Recent reports on ransomware attacks have shown that cybercriminals increasingly use cryptocurrencies as their preferred mode of payments.
These cryptocurrencies are fast, reliable, secretive and easy to use for both the victims and cybercriminals. They have also provided an avenue where these cybercriminals can transact and carry out illegal trade anonymously, becoming a best use case for monetary conduit in cybercrimes.
Recent ransomware attacks on veterinary practices have also followed the same modus operandi, where these practices were asked to pay a ransom using cryptocurrencies to get decryption keys.
Take the recent attack on York Veterinary Practice that happened in July, where cyber criminals demanded a payment of $80,000 ransom in the form of cryptocurrencies for the practice to recover their data. In this case, York Veterinary Practice refused to pay the ransom resulting in the loss of their patients’ records.
What is cryptocurrency?
A cryptocurrency is a secure digital currency based on blockchain technology that makes it nearly impossible to counterfeit or double spend. Unlike fiat currencies, cryptocurrencies are decentralized and have no central figure issuing them.
The idea of cryptocurrency was first suggested by Satoshi Nakamoto in a 2008 paper titled “Bitcoin: A Peer-to-Peer Electronic Cash System.” Nakamoto would go on to create the first cryptocurrency, bitcoin, which would become the most popular crypto in a sea of over 5,000 cryptocurrency options.
Cybercriminals and cryptocurrency
Cryptocurrencies and the blockchain technology underlying the virtual currencies made it possible to have decentralized markets that are not under the control of any government. Decentralization of the economy was also a major reason why bitcoin was able to gain traction with users, who viewed the 2008 great recession as a failure of the then financial system to protect people, and many were looking for alternatives where they can store their assets.
However, as the cryptocurrency continued to gain traction, cybercriminals were also exploring ways they can use technology in their illegal online trades.
Fast forward to today, and cybercriminals have found a haven in cryptocurrency technology, where they demand payments in cryptocurrencies after every successful ransomware attack.
Recent cybercriminals demand in cryptocurrencies
The average ransomware payment has reached an estimated $850,000, almost tripling last year’s average of $312,483. These payments have largely been made using cryptocurrencies such as bitcoin, and with the advent of ransomware as a service (RaaS), cybercriminals have grown bolder and are now demanding record-breaking sums of money from their victims.
This includes the JBS ransomware payment of over $11 million to the REvil ransomware group in order to get their services up and running again.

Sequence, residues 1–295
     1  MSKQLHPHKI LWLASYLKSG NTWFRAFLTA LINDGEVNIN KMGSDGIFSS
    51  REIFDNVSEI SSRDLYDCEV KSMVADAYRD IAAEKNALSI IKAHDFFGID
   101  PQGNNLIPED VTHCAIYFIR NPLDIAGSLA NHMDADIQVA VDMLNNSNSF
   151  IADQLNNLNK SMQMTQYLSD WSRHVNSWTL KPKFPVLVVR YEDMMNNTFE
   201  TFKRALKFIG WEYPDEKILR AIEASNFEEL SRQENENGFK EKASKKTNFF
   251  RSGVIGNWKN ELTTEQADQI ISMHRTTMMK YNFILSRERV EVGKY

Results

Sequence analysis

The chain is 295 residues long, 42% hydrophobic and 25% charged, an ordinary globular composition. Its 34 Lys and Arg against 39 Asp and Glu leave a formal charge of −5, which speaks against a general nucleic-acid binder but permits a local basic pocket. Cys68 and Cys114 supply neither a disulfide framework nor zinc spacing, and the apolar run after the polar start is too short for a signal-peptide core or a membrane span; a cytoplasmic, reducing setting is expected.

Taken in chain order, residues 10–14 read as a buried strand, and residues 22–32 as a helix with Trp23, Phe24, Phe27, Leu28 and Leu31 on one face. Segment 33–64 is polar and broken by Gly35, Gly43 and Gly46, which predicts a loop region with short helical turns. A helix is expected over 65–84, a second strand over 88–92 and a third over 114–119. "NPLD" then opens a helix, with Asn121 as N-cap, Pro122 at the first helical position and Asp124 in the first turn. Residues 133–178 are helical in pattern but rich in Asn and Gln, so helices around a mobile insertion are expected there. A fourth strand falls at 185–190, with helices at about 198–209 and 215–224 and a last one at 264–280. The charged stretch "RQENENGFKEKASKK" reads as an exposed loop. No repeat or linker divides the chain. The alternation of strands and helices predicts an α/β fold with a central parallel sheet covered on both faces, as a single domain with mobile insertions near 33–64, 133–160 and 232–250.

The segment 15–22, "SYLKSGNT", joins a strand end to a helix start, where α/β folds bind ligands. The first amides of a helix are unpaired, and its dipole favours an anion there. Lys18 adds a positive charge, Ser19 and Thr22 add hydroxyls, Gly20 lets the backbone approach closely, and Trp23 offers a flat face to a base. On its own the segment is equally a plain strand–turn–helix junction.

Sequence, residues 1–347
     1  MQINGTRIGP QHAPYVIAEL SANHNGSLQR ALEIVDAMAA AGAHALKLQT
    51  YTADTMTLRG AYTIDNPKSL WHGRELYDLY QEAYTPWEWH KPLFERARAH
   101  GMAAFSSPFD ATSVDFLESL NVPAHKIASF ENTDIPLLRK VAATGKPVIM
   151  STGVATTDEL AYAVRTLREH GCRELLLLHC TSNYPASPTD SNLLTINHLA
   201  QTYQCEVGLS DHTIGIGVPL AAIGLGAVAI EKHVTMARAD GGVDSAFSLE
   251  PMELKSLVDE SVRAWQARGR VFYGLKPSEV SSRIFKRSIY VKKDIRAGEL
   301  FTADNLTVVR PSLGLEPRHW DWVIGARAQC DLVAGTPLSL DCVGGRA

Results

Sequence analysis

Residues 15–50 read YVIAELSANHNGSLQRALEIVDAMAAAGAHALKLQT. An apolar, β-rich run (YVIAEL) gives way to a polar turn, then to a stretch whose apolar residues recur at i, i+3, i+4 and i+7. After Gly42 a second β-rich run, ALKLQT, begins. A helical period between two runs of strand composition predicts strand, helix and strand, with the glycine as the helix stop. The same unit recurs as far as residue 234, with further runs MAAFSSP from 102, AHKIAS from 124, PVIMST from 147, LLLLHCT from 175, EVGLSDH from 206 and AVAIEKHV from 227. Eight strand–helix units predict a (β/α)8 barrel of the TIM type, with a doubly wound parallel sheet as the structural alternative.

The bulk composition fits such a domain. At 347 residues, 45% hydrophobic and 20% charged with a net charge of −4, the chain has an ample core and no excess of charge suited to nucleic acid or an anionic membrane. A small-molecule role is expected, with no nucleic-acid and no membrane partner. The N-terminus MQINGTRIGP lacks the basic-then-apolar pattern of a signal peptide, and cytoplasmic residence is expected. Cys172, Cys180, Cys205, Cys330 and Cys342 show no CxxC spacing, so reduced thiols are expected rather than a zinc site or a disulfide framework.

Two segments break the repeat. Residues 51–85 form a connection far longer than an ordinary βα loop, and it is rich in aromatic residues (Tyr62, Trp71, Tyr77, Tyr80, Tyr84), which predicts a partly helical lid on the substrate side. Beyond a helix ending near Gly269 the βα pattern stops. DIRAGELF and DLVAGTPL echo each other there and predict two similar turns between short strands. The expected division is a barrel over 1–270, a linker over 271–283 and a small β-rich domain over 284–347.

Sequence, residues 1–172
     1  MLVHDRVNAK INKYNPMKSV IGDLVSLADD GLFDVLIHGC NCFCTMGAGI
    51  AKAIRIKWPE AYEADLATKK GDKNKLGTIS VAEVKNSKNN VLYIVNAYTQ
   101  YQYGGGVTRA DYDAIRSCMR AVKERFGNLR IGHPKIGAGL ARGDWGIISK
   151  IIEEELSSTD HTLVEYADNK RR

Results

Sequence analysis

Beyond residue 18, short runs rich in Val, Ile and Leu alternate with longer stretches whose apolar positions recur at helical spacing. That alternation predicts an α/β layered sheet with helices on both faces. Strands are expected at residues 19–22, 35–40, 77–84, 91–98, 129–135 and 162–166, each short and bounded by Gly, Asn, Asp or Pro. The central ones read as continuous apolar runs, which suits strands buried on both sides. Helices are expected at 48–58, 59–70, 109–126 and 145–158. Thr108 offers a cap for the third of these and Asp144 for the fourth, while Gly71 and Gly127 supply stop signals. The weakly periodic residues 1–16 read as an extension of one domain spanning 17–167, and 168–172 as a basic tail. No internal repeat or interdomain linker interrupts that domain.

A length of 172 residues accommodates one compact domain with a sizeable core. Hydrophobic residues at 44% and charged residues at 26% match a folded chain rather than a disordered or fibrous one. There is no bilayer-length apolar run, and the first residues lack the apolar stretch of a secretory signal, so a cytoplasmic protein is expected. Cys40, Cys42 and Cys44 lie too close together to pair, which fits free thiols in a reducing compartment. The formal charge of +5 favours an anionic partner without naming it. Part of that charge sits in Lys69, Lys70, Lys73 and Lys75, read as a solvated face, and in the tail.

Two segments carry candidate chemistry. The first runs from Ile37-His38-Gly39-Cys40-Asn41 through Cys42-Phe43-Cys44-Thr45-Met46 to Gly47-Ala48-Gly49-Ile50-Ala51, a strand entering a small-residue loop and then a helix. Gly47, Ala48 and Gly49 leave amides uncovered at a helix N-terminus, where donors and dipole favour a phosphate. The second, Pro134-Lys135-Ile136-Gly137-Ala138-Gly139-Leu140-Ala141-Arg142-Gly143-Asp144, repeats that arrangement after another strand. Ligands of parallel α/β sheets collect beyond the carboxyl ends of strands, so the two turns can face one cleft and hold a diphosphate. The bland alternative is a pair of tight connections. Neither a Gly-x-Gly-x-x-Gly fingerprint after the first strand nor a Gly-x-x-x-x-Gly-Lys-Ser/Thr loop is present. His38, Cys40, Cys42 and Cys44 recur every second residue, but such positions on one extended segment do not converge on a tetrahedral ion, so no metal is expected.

The ransomware attack on the Colonial Pipeline also saw the company part ways with about $4.4 million in bitcoin payment to the DarkSide cybercriminal group. In Germany, Brenntag, a chemical distributor in Germany also parted ways with over $4.4 million after they also got attacked by ransomware.
However, most ransomware attacks have not been high-profile and have not received the attention they deserve. This includes the attack on York Veterinary Practice and the demand for $80,000 in cryptocurrency payment, which the practice refused to pay.
Impact on veterinary practices
Regardless of where you stand on the pros and cons of cryptocurrencies, there is a huge possibility that your next attacker will need you to use the mode of payment to get your data back.
Recent attacks on veterinary practices have also shown that there is no small target for the current crop of cybercriminals, who are willing to take a few hundred dollars in ransom regardless of the size of your practice. The best measure you can take to avoid falling victim to these cybercriminals is by implementing measures such as two-factor authentication, providing robust cyber security training to employees, reviewing security protocols of your practice, requiring strong passwords for your employees and having cyber insurance in case of an attack.
The truth is, cryptocurrencies are here to stay, and the recent adoption by major companies such as Paypal, JP Morgan and Tesla indicates that virtual currencies are going mainstream. Cybercriminals are just a small but significant part of the 2 trillion dollar cryptocurrency capitalization.
As a veterinary practice, the best response to cybercriminal groups demanding ransom payment using cryptocurrencies after a ransomware attack is refusing to pay. Recent reports indicate that there are no assurances that the victims get their data back once the payment is made.
Paying cybercriminals also puts a target on your back, as most cybercrimes groups and individuals behind these ransomware attacks share information about their bounties and security vulnerabilities. Therefore, once an attack is carried out against your practice, it is important to consult a security expert to do an audit of your systems to prevent future attacks.
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